In making these criticisms we are not in the least wishing to impugn Moore’s reputation as a capable officer and a good general. He was both, but his fault was an excessive sense of responsibility. He could never forget that he had in his charge, as was said, ‘not a British army, but the British army’—the one efficient force that the United Kingdom could put into the field. He was loth to risk it, though ultimately he did so in his admirably conceived march on Sahagun. He had also to think of his own career: among his numerous friends and admirers he had a reputation for military infallibility which he was loth to hazard. Acting under a strong sense of duty he did so, but all the while he was anxiously asking himself ‘What will they say at home?’ It was this self-consciousness that was Moore’s weak point. Fortunately he was a man of courage and honour, and at the critical moment recovered the confidence and decision which was sometimes wanting in the hours of doubt and waiting.
Few men have been better loved by those who knew them best. To have served in the regiments which Moore had trained at Shorncliffe in 1803-5, was to be his devoted friend and admirer for life and death. Handsome, courteous, just, and benevolent,[p. 602] unsparing to himself, considerate to his subordinates, he won all hearts. ‘He was a very king of men,’ wrote Charles Napier; and Charles’s more eloquent brother has left him a panegyric such as few generals have merited and fewer still obtained.
Vol. II, Jan. – Sep. 1809.PREFACE
Vol. II, Jan. – Sep. 1809. From the Battle of Corunna to
The End of the Talavera Campaign
The second volume of this work has swelled to an even greater bulk than its predecessor. Its size must be attributed to two main causes: the first is the fact that a much greater number of original sources, both printed and unprinted, are available for the campaigns of 1809 than for those of 1808. The second is that the war in its second year had lost the character of comparative unity which it had possessed in its first. Napoleon, on quitting Spain in January, left behind him as a legacy to his brother a comprehensive plan for the conquest of the whole Peninsula. But that plan was, from the first, impracticable: and when it had miscarried, the fighting in every region of the theatre of war became local and isolated. Neither the harassed and distracted French King at Madrid, nor the impotent Spanish Junta at Seville, knew how to combine and co-ordinate the operations of their various armies into a single logical scheme. Ere long, six or seven campaigns were taking place simultaneously in different corners of the Peninsula, each of which was practically independent of the others. Every French and Spanish general fought for his own hand, with little care for what his colleagues were doing: their only unanimity was that all alike kept urging on their central governments the plea that their own particular section of the war was more critical and important than any other. If we look at the month of May, 1809, we find that the[p. iv] following six disconnected series of operations were all in progress at once, and that each has to be treated as a separate unit, rather than as a part of one great general scheme of strategy—(1) Soult’s campaign against Wellesley in Northern Portugal, (2) Ney’s invasion of the Asturias, (3) Victor’s and Cuesta’s movements in Estremadura, (4) Sebastiani’s demonstrations against Venegas in La Mancha, (5) Suchet’s contest with Blake in Aragon, (6) St. Cyr’s attempt to subdue Catalonia. When a war has broken up into so many fractions, it becomes not only hard to follow but very lengthy to narrate. Fortunately for the historian and the student, a certain amount of unity is restored in July, mainly owing to the fact that the master-mind of Wellesley has been brought to bear upon the situation. When the British general attempted to combine with the Spanish armies of Estremadura and La Mancha for a common march upon Madrid, the whole of the hostile forces in the Peninsula [with the exception of those in Aragon and Catalonia] were once more drawn into a single scheme of operations. Hence the Talavera campaign is the central fact in the annals of the Peninsular War for the year 1809. I trust that it will not be considered that I have devoted a disproportionate amount of space to the setting forth and discussion of the various problems which it involved.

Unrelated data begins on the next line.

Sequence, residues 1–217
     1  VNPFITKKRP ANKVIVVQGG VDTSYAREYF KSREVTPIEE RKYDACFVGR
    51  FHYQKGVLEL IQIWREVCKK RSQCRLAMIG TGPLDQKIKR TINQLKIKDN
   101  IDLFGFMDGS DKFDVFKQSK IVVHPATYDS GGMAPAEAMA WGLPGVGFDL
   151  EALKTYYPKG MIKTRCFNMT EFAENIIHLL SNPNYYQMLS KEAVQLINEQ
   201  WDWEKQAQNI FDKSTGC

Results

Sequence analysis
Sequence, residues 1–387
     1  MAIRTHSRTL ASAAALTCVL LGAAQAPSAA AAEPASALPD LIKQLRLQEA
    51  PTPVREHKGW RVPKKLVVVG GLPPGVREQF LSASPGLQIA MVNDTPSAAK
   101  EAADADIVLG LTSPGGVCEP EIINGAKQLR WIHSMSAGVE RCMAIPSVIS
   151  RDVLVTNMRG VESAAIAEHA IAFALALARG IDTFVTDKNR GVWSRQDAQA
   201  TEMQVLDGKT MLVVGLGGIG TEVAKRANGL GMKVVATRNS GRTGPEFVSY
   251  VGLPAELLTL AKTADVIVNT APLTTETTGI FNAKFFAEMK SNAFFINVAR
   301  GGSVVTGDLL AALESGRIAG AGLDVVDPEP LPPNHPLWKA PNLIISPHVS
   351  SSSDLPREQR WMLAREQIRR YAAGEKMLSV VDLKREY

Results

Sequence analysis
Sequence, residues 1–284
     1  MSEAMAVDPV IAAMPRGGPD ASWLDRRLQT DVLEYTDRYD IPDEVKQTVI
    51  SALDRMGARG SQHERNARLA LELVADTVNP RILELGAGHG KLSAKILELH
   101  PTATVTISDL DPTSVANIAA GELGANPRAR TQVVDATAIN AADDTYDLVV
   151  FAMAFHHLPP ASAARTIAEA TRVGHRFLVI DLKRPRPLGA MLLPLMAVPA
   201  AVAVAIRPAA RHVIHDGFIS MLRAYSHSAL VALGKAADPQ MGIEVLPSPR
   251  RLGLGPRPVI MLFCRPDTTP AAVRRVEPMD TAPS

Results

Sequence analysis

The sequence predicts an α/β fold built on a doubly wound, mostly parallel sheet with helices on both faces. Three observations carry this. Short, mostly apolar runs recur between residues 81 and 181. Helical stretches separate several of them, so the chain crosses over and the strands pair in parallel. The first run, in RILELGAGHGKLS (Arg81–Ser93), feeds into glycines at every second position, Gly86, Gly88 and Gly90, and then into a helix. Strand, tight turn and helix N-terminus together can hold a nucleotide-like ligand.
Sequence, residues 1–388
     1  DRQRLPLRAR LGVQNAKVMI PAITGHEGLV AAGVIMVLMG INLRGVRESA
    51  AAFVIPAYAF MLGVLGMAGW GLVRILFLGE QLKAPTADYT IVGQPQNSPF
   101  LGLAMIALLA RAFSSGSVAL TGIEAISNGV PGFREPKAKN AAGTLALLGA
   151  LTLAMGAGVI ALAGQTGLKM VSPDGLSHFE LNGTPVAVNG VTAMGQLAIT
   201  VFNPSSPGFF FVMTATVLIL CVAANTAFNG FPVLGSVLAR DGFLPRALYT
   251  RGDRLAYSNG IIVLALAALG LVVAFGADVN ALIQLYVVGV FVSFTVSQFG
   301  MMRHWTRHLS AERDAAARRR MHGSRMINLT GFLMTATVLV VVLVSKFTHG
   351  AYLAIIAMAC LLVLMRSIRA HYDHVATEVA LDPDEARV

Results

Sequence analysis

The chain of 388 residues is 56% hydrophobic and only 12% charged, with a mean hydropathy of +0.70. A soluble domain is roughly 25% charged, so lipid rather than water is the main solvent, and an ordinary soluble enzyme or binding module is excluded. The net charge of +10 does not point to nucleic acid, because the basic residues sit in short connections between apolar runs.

The details of the battle of Talavera itself have engaged my special attention. I thought it worth while to go very carefully over the battle-field, which fortunately remains much as it was in 1809. A walk around it explained many difficulties, but suggested certain others, which I have done my best to solve.